Arches and Canyonlands are two of America’s most stunning national parks. Neighbors on the Colorado Plateau, Arches and Canyonlands both feature incredible red rock landscapes yet each are strikingly different.
Natural stone arches, towering monoliths, and other unique rock formations define Arches National Park whereas dramatic cliffs and vast panoramas dominate the view in the Island in the Sky district of Canyonlands National Park.
These remarkable geological features were carved by the erosive forces of wind and water over millions of years and visitors will be fascinated by how their colors are constantly changing depending on the angle of the sun and the time of the day.
Both parks are a hiker’s wonderland but there’s also plenty to see from the comfort of your car or a short walk from the parking lot.
Arches and Canyonlands national parks are located in southeastern Utah, just outside the city of Moab. Most people arrive by car and fly into Salt Lake City or Grand Junction, although some visitors fly directly into Moab. Many people also arrive at Arches and Canyonlands as part of a greater American west auto tour.
Arches National Park is located just five miles (eight kilometers) north of Moab, along Highway 191. Canyonlands National Park is divided into three districts called the Island in the Sky, the Needles, and the Maze. Island in the Sky is the most visited and easily accessible district to visit. Driving time is about 40 minutes from Moab.
The Canyonlands Regional Airport is just 18 miles north of Moab. United Airlines offers daily flights between Moab and Denver and Delta Airlines offers a daily flight to and from Salt Lake City. Car rentals, shuttles, and taxi service is available at the Moab airport.
Grand Junction Regional Airport is the closest major airport to Moab. It’s located in Grand Junction, Colorado, about 125 miles east of Moab. There’s plenty of spots to view the Colorado River along the way and you can also drop by the Colorado National Monument, a stunning land of sheer-walled cliffs and interesting rock formations on the edge of the Colorado Plateau.
The Salt Lake City International Airport is 237 miles northwest of Moab and is serviced by many domestic and international destinations. Flying into Salt Lake City is a great option if you’re also interested in visiting Zion, Bryce Canyon, and Capitol Reef National Parks.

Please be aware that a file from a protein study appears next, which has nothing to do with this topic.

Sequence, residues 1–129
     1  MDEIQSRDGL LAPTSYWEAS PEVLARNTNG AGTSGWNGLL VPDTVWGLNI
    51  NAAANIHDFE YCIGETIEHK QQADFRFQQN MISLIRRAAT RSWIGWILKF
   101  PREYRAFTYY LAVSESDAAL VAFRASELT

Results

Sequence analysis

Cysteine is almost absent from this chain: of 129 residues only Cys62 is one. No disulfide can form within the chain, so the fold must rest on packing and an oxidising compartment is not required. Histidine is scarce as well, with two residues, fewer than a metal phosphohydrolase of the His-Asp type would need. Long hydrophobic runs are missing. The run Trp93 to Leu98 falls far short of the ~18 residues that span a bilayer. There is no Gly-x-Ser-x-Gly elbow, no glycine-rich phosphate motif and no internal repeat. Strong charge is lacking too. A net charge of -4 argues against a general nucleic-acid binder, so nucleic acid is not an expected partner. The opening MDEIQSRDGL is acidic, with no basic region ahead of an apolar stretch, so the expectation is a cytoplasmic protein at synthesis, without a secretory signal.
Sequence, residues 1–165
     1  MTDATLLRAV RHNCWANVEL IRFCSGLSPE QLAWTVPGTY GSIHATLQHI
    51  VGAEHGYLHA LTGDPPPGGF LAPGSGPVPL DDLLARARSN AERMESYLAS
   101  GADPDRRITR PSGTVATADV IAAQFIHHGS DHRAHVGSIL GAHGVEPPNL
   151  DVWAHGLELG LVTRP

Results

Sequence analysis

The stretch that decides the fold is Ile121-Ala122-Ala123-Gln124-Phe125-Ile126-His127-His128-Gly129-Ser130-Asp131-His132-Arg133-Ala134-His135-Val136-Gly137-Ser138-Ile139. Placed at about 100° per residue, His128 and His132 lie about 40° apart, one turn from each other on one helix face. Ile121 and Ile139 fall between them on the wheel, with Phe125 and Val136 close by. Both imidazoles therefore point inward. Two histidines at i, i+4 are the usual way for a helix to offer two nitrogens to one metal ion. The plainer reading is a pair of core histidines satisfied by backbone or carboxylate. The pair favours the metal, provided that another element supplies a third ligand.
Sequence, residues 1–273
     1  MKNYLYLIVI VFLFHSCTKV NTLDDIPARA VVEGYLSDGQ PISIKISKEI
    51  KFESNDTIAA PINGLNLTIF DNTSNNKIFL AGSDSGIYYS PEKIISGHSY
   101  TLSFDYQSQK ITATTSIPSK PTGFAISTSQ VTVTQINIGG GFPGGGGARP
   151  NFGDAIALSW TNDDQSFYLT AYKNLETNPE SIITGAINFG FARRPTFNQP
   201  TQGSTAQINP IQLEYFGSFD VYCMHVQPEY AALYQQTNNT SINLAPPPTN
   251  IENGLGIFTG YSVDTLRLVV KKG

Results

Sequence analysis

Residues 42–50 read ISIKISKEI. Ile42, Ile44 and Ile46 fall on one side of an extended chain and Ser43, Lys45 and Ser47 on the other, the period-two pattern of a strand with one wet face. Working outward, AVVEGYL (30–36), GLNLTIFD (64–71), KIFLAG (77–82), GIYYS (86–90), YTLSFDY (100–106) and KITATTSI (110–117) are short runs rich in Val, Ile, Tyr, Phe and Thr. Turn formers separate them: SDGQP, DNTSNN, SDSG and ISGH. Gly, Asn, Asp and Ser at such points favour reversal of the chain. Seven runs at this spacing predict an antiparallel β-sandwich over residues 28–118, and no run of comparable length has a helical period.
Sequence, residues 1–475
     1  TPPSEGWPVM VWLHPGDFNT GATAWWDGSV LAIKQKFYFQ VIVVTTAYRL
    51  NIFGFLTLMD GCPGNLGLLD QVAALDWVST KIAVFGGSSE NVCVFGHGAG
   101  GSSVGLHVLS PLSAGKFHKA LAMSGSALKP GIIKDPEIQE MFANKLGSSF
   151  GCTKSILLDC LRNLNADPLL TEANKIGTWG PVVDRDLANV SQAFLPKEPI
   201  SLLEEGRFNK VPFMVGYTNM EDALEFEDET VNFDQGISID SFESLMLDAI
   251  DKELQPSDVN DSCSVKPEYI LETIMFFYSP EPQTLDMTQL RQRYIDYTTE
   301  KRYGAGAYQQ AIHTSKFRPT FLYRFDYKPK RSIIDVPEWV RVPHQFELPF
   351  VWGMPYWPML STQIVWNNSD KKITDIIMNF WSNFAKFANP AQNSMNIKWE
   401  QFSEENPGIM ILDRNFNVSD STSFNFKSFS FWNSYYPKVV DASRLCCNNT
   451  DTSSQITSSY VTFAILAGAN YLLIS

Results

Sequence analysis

Most people arrive at Arches and Canyonlands National Parks by car. There is no public transportation inside Arches and Canyonlands so you most likely need a car to reach the trailheads and scenic viewpoints within the parks. You may also rent a bike or book a commercial tour to get around the park.
Campervans and RVs are also popular ways to visit Utah’s national parks. Some visitors choose to fly into Las Vegas, where campervan rentals are readily available, and also visit Grand Canyon, Monument Valley, or the other Utah National Parks along the way. You can also find several campervan and RV rental providers in Salt Lake City and Denver.
An entrance fee is required at both Arches and Canyonlands National Parks and admission is good for seven days. If you plan to visit both Arches and Canyonlands you can save by purchasing the Southeast Utah Parks Pass which is good for a year and also includes admission to Natural Bridges National Monument.
Depending on the length of your stay and how many National Parks you plan to visit in a year, it may be more beneficial to purchase the America the Beautiful National Parks and Federal Recreational Lands Pass. This pass covers entrance fees into all U.S. National Parks as well as over 2,000 National Monuments, National Wildlife Refuges, National Historic Sites, and other federally managed lands.
Passes are free for current U.S. military members and reduced for Seniors aged 62 years or older. Senior passes also provide a 50 percent discount at select campgrounds.
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Arches National Park implemented a ticketed entry system for peak season dates, for details visit nps.gov.
From rustic camp spots and amenity-packed RV resorts to luxury lodges and glamping resorts, the Arches and Canyonlands area has a huge variety of lodging options to choose from.
Dozens of hotels line Moab’s Main Street and an abundance of vacation rentals are available both in and just outside the city. The Red Cliffs Lodge and Sorrel River Ranch offer luxurious accommodations right along the Colorado River and Moab’s handful of Bed and Breakfasts offer visitors a quaint place to stay.
The Devils Garden Campground is located in the heart of Arches National Park. It’s the only campground in Arches National Park and campsites are extremely limited. Reservations are almost always needed from March through October and can be made up to six months in advance online. All sites are first-come, first-served between November 1 and February 28, and chances are good you’ll find a spot if you arrive early in the morning.